Stockton Graham & Co.’s Director of Coffee and Roastmaster Brandon Riggs is attending the 2010 Ethiopian Cupping Caravan through Harrar. He will be one of 12 international coffee buyers to meet with the farmers and producers of some of the world’s best coffees. It is designed to benefit the buyers and producers to exchange information about what the buyers are looking for in a cup and to understand how farmers impact the cup quality.
“I’m really excited to visit the birthplace of coffee,” said Riggs.
He will be in Ethiopia for about a week in March.
Using all-wheel drive (4×4) vehicles and mobile cupping units, the teams of buyers and guides will explore the Harrar region to visit farms, cooperative mills and cup in-person with the people growing and processing the coffee. The goal of this 2010 Cupping Caravan is improve communications and understandings of the coffees to ultimately result in higher quality for the consumer and higher prices for the farmers.
We are honored to have Brandon participate in this endeavor to encourage relationships between Stockton Graham & Co. and Ethiopian farmers to provide great coffees to our customers and to help the farmers achieve higher revenues and lowers costs.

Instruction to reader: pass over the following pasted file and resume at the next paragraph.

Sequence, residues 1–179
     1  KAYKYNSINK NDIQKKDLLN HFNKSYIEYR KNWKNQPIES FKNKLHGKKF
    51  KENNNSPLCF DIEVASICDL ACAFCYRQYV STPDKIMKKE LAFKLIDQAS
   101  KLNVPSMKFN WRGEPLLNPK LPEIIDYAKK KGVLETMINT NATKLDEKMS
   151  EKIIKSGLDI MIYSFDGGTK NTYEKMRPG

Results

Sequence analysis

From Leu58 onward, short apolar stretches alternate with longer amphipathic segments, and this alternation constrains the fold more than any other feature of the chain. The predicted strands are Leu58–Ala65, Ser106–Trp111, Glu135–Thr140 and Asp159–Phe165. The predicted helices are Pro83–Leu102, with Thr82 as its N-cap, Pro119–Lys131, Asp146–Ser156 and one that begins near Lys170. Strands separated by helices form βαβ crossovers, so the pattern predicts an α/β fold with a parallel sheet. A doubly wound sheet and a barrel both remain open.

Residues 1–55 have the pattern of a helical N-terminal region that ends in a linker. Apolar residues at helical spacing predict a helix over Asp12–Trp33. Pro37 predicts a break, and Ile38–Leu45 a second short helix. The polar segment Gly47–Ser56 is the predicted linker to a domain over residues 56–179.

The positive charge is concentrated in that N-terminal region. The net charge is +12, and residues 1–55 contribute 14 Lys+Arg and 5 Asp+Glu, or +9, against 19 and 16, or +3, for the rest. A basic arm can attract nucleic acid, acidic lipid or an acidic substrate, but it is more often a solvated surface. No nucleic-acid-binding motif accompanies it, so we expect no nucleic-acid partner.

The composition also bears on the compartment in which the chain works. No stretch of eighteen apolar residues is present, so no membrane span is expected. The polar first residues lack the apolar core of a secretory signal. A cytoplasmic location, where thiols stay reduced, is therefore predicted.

The 2010 Ethiopia Cupping Caravans are organized by Boot Coffee Consulting, with a grant from the United States Agency for International Development, and features the participation of large sectors of the Ethiopian coffee industry, as well as 24 leading coffee companies from around the world.
Stockton Graham & Co. Roastmaster and Director of Coffee Brandon Riggs is preparing to leave for a week-long trip to Guatemala to visit coffee farms we buy from currently and to check out some other farms that we might consider sourcing from in the future. He will be gone Feb. 15th – 19th.
Currently, harvesting of the high-grown Arabica coffee is in full swing. Brandon will visit, amongst other places, the La Casacada Estate in Alta Verapaz, one of our current sourcing farms. This is a region in Guatemala that is famed for its tropical rainforest, storied indigenous past and wonderfully complex coffee offerings. The coffee farm is called Flor del Rosario, and is owned by German Horst Spitze who settled in Guatemala in 1961. This is a relatively “new” coffee farm, as the fist planting was started in 1988, but it has quickly become on of Guatemala’s finest. In 2002, this farm finished 6th in the Guatemala Coffee Auction, and was the only coffee from this region to qualify. Throughout the coffee farm, which consists of 550 hectares, there is an abundance of natural flora and fauna. Many orchids, cardamoms, and Guatemala’s national flower, the Monja Blanca, can be found. Deep inside the farm you can find a beautiful 100 meter natural spring waterfall that honors the name of the farm, which mean, “The Waterfall” in Spanish.
Brandon will also visit Huehuetenango and stay at the La Victoria Champilia Finca, amongst other places. Additionally, the itinerary calls for a stop at our producer’s dry mill in Antigua, where Brandon will be cupping new, boutique coffees from the area.
He will be taking lots of pictures and, hopefully, getting some good video, too. Keep your eyes peeled to the blog.